Chicago Tribune, Monday June 29th, 1998

 

UIC researcher opens new debate on drug crimes

By Eric Zorn

 

            University of Illinois at Chicago criminologist John Hagedorn said he hoped his new study on drug dealing in the inner city would “force a debate” on the issue.  Mayor John Norquist of Milwaukee, where Hagedorn conducted his field research, was glad to oblige.  “The conclusions reached by the author are what one would expect from drug-addled minds,” Norquist wrote in response.  He called the 30-page report “farcical… twisted… an insult… a celebration of criminality.”

            What tied hizzoner’s knickers into a knot was Hagedorn’s view of the ghetto drug trade as a well-ordered, operationally logical source of employment and entrepreneurial opportunity for those with few other options.  Hagedorn’s work refers to “drug businessmen [who] work long hours,” says dealing “is in many ways an innovative… small business venture” and concludes that “much of what we call ‘crime’ is actually work.”

            With research help from former gang members, Hagedorn, 50, spent much of 1997 studying drugs as commerce in two low-income Milwaukee neighborhoods -- one predominately Hispanic.  What he found tended to belie the stereotype that drug-riddled neighborhoods know only anarchy.

            The “drug entrepreneurs,” as Hagedorn calls many pushers, are simply part of a vast, informal economy that has taken the place of jobs that have left the central city.  Drugs as an industry support some 10 percent of the men aged 18 to 29 in these neighborhoods, according to Hagedorn, but the gross receipts from such enterprises are generally so modest -- an average of $5,000 a month -- that the analogy with conventional small business is appropriate.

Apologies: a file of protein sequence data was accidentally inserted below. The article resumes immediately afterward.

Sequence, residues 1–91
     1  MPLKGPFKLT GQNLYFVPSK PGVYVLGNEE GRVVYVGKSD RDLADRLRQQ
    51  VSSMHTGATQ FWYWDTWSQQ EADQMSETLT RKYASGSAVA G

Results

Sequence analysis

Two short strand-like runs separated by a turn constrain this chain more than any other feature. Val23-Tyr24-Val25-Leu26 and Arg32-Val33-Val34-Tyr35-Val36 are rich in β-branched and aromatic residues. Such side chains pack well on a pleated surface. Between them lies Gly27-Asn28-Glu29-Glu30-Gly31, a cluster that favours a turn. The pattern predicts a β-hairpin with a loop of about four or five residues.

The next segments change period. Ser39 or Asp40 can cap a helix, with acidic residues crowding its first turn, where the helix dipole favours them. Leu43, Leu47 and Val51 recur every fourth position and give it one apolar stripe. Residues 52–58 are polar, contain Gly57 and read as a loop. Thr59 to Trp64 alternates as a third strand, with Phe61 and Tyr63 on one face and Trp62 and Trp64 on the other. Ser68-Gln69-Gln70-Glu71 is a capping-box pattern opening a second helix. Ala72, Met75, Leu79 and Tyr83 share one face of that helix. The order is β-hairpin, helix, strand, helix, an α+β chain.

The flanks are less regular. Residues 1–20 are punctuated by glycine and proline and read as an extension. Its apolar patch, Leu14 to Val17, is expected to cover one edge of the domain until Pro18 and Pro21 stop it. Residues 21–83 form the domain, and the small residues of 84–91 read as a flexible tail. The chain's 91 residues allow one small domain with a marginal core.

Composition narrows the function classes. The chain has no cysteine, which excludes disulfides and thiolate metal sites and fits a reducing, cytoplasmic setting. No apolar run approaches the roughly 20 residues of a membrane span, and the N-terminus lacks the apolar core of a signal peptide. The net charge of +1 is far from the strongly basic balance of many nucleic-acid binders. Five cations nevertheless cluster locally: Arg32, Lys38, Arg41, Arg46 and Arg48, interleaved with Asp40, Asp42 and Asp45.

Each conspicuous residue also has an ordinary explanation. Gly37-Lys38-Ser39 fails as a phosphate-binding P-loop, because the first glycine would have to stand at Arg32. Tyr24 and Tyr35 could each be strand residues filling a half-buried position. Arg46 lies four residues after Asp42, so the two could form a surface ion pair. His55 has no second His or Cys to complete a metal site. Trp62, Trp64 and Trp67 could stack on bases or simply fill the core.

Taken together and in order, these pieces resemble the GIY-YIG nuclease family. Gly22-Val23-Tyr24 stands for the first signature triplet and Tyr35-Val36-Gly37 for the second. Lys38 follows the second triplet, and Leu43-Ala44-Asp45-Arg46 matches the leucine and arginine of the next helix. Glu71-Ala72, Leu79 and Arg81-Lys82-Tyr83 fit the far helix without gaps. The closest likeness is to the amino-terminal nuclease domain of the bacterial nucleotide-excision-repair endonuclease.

“Where other academics see a tangle of pathologies, I see rationally and very recognizable American values,” Hagedorn said in an interview Friday.  The drug dealers in low-income neighborhoods “have a strong work ethic and are trying to make a buck, get ahead and stay safe.”

            Hagedorn’s theory is that recent declines in violent crime have less to do with extra cops and longer prison sentences than with the stabilization of the drug marketplace.  The sellers and runners “have relationships with suppliers, customers and rivals in an effort to coexist,” he said. 

            His report, “The Business of Drug Dealing in Milwaukee,” is a continuation of his 1988 book “People and Folks,” (updated and republished this month by Chicago’s Lake View Press) which challenged the conventional view of gang members as simply predatory animals.”

            Typical sentimental ivory-tower apologetics from an avowed leftist academic?  Those who thought so were surprised to see Hagedorn’s offering this month sponsored and published by the conservative Wisconsin Policy Research Institute. 

            But when you read beyond Hagedorn’s provocative talking points on drug as business you find him rejecting such liberal solutions as government jobs programs and legalization of drugs.  At the same time he rejects as futile the conservative idea that if society just locks up enough users and pushers it can win the war on drugs.

            Instead he proposes a “conservative but daring” approach that would include maintaining strong social disapproval of drug use, alternative sentencing for non-violent drug offenders and increased efforts to bring the private sector back into neighborhoods it has largely abandoned.

            He said he didn’t mean to sugarcoat the terrible toll that drug abuse has taken on these communities.  Rather, he said, his intent was to show how the organization of the drug trade suggests such areas are ripe for the sorts of legitimate-business reinvestment that could lead to long-term improvements.

            “The drug problem is rooted in economics -- not sin and evil -- and so it needs an economic solution,” said Hagedorn, sound a theme he said he hopes will resonate across the political spectrum.

            James Miller, president of the conservative think-tank that funded the study, noted in a preface that he “may differ” with some of Hagedorn’s recommendations.  But he concluded with a sentiment with which even the angry mayor of Milwaukee must agree, “We are not likely to find solutions to difficult issues until we fully understand the dimensions of the problem.”